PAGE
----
1 Timothy 1:15, NLT

When it comes to holiness or purity, we discover that we are totally out of our league. We will often try to “fake” it, but we are surprised when the Holy Spirit resists us. He will not let us deceive ourselves in this way. We have no claim to self-righteousness.

Our sins and weaknesses, depressions and sicknesses become even more evident in time. We are the ones who walk with a definite limp. We will falter, and we will stumble. But we continue to turn to Jesus. And in this action, others will see mercy that is poured out on rascals such as us.

But the tax collector, standing some distance away, was even unwilling to lift up his eyes to heaven, but was beating his breast, saying, ‘God, be merciful to me, the sinner!’”

Luke 18:13

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Just One More Dance

Do the Dance-- For Him
Do the Dance– For Him

14 And David was dancing before the Lord with all his might, and David was wearing a linen ephod.”

2 Samuel 6:13-15

When I start to dance, you had better head for higher ground!  I am without question the world’s worst and the clumsiest of all.  And since my brain surgery it has gotten even worse.  I need to use a cane now, because of all that.  (If you look up “klutz” in the dictionary you’ll see my picture lol.)  Even so, I do love the idea of dancing, but I’m like Bozo, the circus clown on roller-skates.  I lurch from side-to-side and I’m always on the verge of falling on someone’s lap.  Which is a real hoot!

But there is just one dance that I am waiting for. It is the dance I will have with my Savior.  There will be a day, in a place and time where He will call me and I will dance.  It will be remarkable for me, and its a day that I anticipate and hope it comes soon. (I have been practicing, lol.)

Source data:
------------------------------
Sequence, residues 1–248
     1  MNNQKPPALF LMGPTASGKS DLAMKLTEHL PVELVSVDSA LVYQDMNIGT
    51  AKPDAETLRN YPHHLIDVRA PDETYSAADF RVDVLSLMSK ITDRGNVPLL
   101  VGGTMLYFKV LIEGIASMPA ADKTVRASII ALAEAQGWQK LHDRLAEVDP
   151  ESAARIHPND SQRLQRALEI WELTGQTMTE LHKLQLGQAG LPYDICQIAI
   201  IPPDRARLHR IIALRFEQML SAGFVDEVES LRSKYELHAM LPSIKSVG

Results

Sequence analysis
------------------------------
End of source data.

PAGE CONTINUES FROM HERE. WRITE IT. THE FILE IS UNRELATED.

To dance is to liberate your heart.  You must cancel out all self-consciousness.  If you are self-aware, you will never enter into the joy and wonder of the dance.  You will be a perpetual wall-flower, living only on the edges.  And, you will be very sad. It seems you must dance in your heart, before you can ever dance with your feet.

I desperately want to dance.  I see Him clearly on that day when I have no cane, and am as graceful as I hope to be. I will not be watching you, (sorry) but I will see only Him.  I believe that my heart will beat exclusively for Him.

Some of you have been crippled; smashed in the awful gears of life. But I also know that your life can be also astonishingly full of grace– you have endured so much, and yet Jesus intends to occupy your thoughts and vision.  When I am with Him, my heart will finally be free to dance. You will find Him to be the “Dancing Lord.’